Article from RVdaily
Don’t waste your hard-earned money on a trip to the Mediterranean – Sun Country on the Murray has it all and more
The Moira Shire, also known as Sun Country on the Murray, has a Mediterranean climate and 101 sandy beaches to match. Want more? Well, read on and discover for yourself how the region from Echuca to Yarrawonga is the perfect place to enjoy the sun, food, wine and outdoor activities, all within striking distance of Australia’s best river.
The kicker is the Farm Gate Trail put together by a collection of primary producers offering their product directly to you from the farm. Each Farm Gate offers a unique experience and with food crops, grape growers, dairy and even hemp, this region has it all. Regular markets are also a drawcard with the long weekends pulling loads of stalls and people looking for a bargain.
As with any region, I always recommend the first stop to be at one of the four Visitor Information Centres. Here you can discover those special places, new activities and, of course, find out all about the Farm Gate Trail from the experienced people in the know. I dropped into the Barmah Forest Heritage and Education Centre in Nathalia and was fascinated by the displays, art, and of course, visitor information.
Blessed are the cheesemakers and especially Boosey Creek Cheese. Master Cheesemaker Ken Cameron decided to turn the milk from his environmentally sustained cows into cheese 10 years ago. Now the Artisan Farmhouse cheeses are winning awards, the stinky Washed Rind Warby Red and vintage cloth bound Grampy’s Cheddar are favourites, but there’s also a camembert, blue, gouda and fetta. I guarantee any of the Boosey Creek cheeses raise the bar on any cheeseboard.
Hemp, honey and almonds are what Aintree Almonds and Apiary are all about. Mariea and Trinity’s farm is located on Ferris Street, Bearii (near Strathmerton). The small farm gate is backed up by a high presence in local markets. These guys were the first people to be legally allowed to produce hemp seed oil in Victoria. The health qualities of hemp seed oil surpass that of fish oil, tastier too, so why isn’t the Heart Foundation promoting it as such?
Garlic lovers celebrate at Katamatite Garlic, where you can learn the art of cultivating garlic through workshops (pre-booking required) as well as taste the range of pickles, jellies and salts, all laced with organically grown garlic as well as seasonal jams and jellies. Before getting stuck into tasting, ask for a farm tour. With only three acres to work with, Lisa and Grahame have designed the gardens using permaculture principles, but the real workhorses on this farm are the chickens!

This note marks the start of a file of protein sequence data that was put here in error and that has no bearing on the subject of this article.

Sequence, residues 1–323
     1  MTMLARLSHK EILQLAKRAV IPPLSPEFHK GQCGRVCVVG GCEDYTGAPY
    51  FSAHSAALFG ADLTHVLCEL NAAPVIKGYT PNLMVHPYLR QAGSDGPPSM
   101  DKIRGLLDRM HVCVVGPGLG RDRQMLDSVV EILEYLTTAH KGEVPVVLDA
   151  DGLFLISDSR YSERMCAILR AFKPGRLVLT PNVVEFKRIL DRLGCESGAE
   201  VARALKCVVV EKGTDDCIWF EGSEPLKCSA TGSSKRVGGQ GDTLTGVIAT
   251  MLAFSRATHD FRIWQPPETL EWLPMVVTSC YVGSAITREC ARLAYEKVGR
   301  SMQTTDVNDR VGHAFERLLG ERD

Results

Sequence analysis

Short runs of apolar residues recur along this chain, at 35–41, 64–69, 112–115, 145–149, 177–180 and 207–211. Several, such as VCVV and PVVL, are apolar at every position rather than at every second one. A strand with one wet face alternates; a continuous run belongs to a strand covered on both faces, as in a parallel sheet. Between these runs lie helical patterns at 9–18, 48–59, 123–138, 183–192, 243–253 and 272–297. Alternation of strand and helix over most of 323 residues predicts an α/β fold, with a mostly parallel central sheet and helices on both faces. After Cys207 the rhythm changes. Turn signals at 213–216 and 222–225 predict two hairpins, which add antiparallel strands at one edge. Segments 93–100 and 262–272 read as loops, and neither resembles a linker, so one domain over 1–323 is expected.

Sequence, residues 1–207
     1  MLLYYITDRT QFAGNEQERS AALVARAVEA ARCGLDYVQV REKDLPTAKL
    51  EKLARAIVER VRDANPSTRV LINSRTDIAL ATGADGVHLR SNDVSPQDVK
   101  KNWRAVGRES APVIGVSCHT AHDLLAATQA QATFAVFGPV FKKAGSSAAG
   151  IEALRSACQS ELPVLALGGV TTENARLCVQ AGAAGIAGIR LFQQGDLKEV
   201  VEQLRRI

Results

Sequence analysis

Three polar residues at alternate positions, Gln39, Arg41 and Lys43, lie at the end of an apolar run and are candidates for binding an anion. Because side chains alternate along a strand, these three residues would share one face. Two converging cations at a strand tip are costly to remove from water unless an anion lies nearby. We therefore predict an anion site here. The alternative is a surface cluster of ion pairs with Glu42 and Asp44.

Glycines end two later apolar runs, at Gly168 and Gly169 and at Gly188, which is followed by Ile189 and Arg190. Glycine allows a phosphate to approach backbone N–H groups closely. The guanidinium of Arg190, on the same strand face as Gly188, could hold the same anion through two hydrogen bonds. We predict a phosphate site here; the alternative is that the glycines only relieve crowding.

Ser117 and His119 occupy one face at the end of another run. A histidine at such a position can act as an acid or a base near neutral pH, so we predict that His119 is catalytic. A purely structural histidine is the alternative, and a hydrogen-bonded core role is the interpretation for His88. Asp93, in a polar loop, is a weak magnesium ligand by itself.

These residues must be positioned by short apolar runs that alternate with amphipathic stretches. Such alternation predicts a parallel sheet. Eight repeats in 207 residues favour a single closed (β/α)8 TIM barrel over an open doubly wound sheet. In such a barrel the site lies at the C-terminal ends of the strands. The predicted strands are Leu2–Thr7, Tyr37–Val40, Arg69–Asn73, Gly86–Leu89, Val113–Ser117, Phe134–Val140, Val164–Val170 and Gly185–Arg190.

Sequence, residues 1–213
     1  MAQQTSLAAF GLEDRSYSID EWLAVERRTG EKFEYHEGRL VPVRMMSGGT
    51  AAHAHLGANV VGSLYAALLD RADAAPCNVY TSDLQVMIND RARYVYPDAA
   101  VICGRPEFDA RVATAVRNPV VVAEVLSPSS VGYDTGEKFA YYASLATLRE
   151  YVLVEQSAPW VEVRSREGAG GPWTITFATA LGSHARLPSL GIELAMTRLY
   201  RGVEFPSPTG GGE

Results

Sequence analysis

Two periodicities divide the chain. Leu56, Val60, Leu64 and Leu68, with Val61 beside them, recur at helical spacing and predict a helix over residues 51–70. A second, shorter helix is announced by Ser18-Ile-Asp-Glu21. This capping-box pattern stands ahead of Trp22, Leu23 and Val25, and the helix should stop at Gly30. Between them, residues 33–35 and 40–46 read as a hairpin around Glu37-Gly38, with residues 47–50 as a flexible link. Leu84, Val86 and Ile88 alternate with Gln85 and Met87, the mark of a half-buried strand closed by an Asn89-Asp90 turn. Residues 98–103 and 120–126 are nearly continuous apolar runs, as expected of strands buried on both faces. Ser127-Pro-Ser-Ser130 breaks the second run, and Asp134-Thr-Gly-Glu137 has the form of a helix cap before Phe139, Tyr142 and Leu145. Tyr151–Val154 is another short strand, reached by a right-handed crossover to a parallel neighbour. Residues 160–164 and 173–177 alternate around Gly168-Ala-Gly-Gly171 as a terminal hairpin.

If fresh produce is what you are after, check out the self-serve Farm Gate at Manto Produce on Campbell Road, Cobram. Specialising in stone fruits and pome fruits including pears, apples, apricots, peaches and plums, you can also stock up on a variety of fresh local produce from the region. KNM Berries on Kangan Road, Koonoomoo is another self-serve shop to check out, especially if you’re partial to strawberries.
Speaking of strawberries, the Big Strawberry is the place to indulge. Also located in Koonoomoo, you can’t miss it on the Goulburn Valley Highway. Ice creams, milkshakes, jams, toppings, fruit wines – if it contains a berry it will be there. You can even get stuck into a Devonshire Tea … mmmm scones, jam and cream!
Let’s begin with Cape Horn Vineyard, situated on the banks of the Murray a hop, skip and a jump from Echuca. The vineyard sits on Stewarts Bridge Road and began operating during the 1800s, a popular stop for the river boat trade. Currently owned by long-time locals, the Gilmour and Buckley families, they’ve turned the winery into a popular weekend venue, with their well-renowned wood-fired pizzas the main fare, perfectly matched with a rosé, chardonnay or stunning sparkling shiraz.
Tony was happy to show me around and talk me through the range of wines under the current label, and the green lawn area and balcony is the perfect place to enjoy Sunday Sippers while listening to a live acoustic session. There are a few top free campsites just down the road on the banks of the Murray River. On Berrys Road in nearby Katunga, you’ll find Monichino Wines.